Researchers at New York University have developed a model of the intra-cellular mammalian biological clock that reveals how rapid interaction of molecules with DNA is necessary for producing reliable 24-hour rhythms. They also found that without the inherent randomness of molecular interactions within a cell, biological rhythms may dampen over time. These findings appeared in the most recent issue of the Proceedings of the National Academy of Sciences (PNAS).
Daniel Forger, an NYU biologist and mathematician, and Charles Peskin, a professor at NYUs Courant Institute of Mathematical Sciences and Center for Neural Science, developed a mathematical model of the biological clock that replicates the hundreds of clock-related molecular reactions that occur within each mammalian cell.
Biological circadian clocks time daily events with remarkable accuracy--often within a minute each day. However, understanding how circadian clocks function has proven challenging to researchers. This is partly because the 24-hour rhythm is an emergent property of a complex network of many molecular interactions within a cell. Another complication is that molecular interactions are inherently random, which raises the question how a clock with such imprecise components can keep time so precisely. One way to combat molecular noise is to have large numbers of molecular interactions, but this is limited by the small numbers of molecules of some molecular species within the cell (for instance, there are only two copies of DNA).
James Devitt | EurekAlert!
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A newly developed laser technology has enabled physicists in the Laboratory for Attosecond Physics (jointly run by LMU Munich and the Max Planck Institute of Quantum Optics) to generate attosecond bursts of high-energy photons of unprecedented intensity. This has made it possible to observe the interaction of multiple photons in a single such pulse with electrons in the inner orbital shell of an atom.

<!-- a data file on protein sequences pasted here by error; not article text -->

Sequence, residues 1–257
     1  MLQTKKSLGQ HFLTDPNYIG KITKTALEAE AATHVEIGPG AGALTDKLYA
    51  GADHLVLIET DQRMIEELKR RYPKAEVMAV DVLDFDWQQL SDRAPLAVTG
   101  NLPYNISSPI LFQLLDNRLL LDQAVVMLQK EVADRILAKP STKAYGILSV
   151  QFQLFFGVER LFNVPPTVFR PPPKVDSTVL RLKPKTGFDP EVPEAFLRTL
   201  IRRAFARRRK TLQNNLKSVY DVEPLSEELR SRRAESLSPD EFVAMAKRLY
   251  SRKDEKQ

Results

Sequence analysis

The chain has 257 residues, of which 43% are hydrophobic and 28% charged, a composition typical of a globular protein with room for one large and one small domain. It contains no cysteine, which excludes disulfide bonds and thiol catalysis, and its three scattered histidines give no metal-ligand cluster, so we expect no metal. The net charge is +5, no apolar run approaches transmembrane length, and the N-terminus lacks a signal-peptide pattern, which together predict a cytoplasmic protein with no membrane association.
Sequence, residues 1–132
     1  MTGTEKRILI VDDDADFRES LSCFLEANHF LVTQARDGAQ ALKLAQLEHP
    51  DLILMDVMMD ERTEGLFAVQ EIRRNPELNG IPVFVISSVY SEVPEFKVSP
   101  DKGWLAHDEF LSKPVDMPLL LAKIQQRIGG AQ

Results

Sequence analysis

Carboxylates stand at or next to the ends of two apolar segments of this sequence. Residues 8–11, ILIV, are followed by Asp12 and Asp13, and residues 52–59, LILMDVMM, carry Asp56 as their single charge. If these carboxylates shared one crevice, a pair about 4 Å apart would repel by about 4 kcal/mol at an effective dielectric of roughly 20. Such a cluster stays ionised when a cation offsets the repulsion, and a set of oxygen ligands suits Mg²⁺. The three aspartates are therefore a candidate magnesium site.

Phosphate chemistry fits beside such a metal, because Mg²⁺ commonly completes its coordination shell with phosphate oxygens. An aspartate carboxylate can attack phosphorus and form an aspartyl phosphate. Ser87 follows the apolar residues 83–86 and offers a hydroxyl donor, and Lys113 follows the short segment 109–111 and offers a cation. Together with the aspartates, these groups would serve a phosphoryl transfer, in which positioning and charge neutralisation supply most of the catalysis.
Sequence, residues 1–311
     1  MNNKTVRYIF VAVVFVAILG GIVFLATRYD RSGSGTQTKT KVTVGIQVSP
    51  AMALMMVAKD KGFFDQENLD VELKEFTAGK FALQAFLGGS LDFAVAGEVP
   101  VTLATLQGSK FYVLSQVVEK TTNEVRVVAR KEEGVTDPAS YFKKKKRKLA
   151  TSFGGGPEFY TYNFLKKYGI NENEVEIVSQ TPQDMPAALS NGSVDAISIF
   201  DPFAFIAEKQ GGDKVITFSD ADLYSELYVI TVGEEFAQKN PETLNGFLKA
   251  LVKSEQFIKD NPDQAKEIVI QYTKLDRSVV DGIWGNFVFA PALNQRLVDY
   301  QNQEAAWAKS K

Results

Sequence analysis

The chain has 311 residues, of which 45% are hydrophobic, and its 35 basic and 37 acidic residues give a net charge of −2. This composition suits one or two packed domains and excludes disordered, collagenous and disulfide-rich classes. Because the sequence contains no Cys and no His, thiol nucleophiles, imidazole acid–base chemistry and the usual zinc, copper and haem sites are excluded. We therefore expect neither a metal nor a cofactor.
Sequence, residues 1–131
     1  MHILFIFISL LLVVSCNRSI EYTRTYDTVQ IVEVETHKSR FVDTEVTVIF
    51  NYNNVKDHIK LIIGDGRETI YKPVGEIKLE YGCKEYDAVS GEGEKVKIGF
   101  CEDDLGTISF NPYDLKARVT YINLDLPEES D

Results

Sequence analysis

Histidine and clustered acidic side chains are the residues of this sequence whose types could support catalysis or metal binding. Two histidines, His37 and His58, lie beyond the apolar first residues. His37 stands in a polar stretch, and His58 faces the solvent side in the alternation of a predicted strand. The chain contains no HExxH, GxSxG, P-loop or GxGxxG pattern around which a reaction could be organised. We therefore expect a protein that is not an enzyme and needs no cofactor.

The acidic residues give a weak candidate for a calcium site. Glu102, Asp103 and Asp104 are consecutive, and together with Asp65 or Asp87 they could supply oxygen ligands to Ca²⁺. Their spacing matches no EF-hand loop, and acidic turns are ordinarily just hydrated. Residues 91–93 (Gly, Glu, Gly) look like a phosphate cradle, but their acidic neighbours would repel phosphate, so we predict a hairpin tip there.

In order to observe the ultrafast electron motion in the inner shells of atoms with short light pulses, the pulses must not only be ultrashort, but very...
A group of researchers led by Andrea Cavalleri at the Max Planck Institute for Structure and Dynamics of Matter (MPSD) in Hamburg has demonstrated a new method enabling precise measurements of the interatomic forces that hold crystalline solids together. The paper Probing the Interatomic Potential of Solids by Strong-Field Nonlinear Phononics, published online in Nature, explains how a terahertz-frequency laser pulse can drive very large deformations of the crystal.
By measuring the highly unusual atomic trajectories under extreme electromagnetic transients, the MPSD group could reconstruct how rigid the atomic bonds are...
Quantum computers may one day solve algorithmic problems which even the biggest supercomputers today can’t manage. But how do you test a quantum computer to...
For the first time, a team of researchers at the Max-Planck Institute (MPI) for Polymer Research in Mainz, Germany, has succeeded in making an integrated circuit (IC) from just a monolayer of a semiconducting polymer via a bottom-up, self-assembly approach.
In the self-assembly process, the semiconducting polymer arranges itself into an ordered monolayer in a transistor. The transistors are binary switches used...
Breakthrough provides a new concept of the design of molecular motors, sensors and electricity generators at nanoscale
Researchers from the Institute of Organic Chemistry and Biochemistry of the CAS (IOCB Prague), Institute of Physics of the CAS (IP CAS) and Palacký University...
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23.02.2018 | Physics and Astronomy
23.02.2018 | Health and Medicine
23.02.2018 | Physics and Astronomy